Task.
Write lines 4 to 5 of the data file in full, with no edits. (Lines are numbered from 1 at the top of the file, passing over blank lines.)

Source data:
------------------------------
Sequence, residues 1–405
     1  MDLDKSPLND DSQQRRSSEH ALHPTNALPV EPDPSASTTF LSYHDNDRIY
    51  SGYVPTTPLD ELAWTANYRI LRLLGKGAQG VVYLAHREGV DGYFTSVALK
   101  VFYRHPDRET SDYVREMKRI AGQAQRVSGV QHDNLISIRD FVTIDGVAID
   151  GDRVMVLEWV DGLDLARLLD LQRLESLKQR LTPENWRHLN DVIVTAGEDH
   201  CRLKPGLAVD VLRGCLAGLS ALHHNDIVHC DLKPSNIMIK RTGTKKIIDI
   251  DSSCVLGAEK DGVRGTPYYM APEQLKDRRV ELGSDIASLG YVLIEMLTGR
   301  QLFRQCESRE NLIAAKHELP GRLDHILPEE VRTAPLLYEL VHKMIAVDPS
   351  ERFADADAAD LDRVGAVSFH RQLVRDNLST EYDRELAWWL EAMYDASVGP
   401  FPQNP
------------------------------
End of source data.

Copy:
   101  VFYRHPDRET SDYVREMKRI AGQAQRVSGV QHDNLISIRD FVTIDGVAID
   151  GDRVMVLEWV DGLDLARLLD LQRLESLKQR LTPENWRHLN DVIVTAGEDH